In the northern Sichuan Province, close to the border of Northwest China’s Gansu Province, Jiuzhaigou is a breathtaking alpine valley discovered by lumberjacks in the 1970s. The national park now attracts an annual influx of nearly one million tourists from all over the world.
Jiuzhaigou refers to the “Y” shaped three valleys of Shuzhen, Rize, and Zechawa, altogether covering an area of 720 square kilometers and stretching out for a total length of over 50 kilometers. It is a habitat of Tibetans, and the mountain lakes, called “haizi” (sea, or son of sea), shining like crystal mirrors, dotting in the depth of forests and snow mountains. At the upper most valleys run down northward and join together at Nuorilang to form the beginning of Shuzheng Valley. The height drop amounts to 1,000 meters or more from the joint of the two gullies to the outlet of Shuzheng Valley. Lining along the distance are 114 stepped lakes, between which are 17 waterfall groups, 11 torrents, and 5 calcareous tufa shoals, forming “a fairy land under the sky” that features in alpine lake groups, waterfall groups, and calcareous tufa shoals, as well as snow mountains, virgin forests, and Tibetan folklore.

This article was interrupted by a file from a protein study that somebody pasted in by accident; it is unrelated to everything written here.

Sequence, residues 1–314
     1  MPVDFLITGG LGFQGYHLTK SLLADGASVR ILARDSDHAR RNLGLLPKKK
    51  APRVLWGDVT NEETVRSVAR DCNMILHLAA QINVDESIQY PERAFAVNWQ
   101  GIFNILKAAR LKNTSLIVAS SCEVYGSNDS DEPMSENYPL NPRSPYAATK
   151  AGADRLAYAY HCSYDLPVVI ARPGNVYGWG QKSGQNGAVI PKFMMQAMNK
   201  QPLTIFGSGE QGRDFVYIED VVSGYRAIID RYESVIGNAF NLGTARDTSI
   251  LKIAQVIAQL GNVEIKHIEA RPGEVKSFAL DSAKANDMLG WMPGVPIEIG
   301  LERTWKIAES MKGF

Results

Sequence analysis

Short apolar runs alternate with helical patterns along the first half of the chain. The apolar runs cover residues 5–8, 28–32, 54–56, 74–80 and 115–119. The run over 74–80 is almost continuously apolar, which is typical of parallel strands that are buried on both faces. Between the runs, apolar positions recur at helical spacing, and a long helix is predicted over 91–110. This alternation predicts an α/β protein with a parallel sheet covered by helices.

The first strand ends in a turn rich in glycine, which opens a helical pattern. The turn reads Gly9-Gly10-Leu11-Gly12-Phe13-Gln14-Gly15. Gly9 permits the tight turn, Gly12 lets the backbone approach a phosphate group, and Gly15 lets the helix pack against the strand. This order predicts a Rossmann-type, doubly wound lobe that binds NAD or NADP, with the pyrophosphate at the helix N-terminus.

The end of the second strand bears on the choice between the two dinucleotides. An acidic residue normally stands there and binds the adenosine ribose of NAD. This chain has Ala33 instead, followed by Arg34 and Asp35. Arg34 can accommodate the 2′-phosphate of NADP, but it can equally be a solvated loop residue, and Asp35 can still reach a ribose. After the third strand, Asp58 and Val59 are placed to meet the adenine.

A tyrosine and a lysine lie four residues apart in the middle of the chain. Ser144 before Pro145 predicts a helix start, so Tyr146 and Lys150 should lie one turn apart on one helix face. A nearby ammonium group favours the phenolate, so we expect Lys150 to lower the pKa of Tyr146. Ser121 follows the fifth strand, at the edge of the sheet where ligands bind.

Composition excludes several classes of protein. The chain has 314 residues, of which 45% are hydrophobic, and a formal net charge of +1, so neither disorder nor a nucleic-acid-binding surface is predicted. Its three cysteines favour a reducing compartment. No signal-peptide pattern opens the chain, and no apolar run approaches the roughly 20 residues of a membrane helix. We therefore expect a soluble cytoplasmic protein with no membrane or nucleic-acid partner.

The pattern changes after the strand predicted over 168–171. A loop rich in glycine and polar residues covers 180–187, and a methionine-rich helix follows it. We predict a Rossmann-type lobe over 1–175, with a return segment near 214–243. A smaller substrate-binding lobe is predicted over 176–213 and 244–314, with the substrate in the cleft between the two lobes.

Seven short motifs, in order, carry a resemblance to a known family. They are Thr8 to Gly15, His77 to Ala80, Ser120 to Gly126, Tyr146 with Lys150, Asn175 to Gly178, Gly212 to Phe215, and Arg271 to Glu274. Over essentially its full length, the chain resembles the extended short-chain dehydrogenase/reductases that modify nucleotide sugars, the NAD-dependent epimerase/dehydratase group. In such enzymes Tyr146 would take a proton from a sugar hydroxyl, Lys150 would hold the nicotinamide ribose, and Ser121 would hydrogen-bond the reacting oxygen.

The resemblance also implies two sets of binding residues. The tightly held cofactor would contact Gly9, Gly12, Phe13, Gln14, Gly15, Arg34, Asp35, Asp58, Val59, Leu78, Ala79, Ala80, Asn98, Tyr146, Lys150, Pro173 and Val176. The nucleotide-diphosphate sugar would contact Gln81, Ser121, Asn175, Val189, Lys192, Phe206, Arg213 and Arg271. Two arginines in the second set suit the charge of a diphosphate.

Jiuzhaigou Valley National Park is rich with flora. At present it has 30, 000 hectares of natural forests, 2,576 species of higher plants as well as 400 species of lower plants. With the numerous lakes and various vegetations, Jiuzhaigou has a self complete ecological system, which provides the best habitats for wild animals. Investigation shows in the valley there are 170 kinds of vertebrates, and 141 species of birds, of which 3 are under ClassⅠstate protection, 4 under Class Ⅱ, and 10 under Class Ⅲ.
In December of 1992, Jiuzhaigou Valley National Park was inscribed on World Heritage List by UNESCO.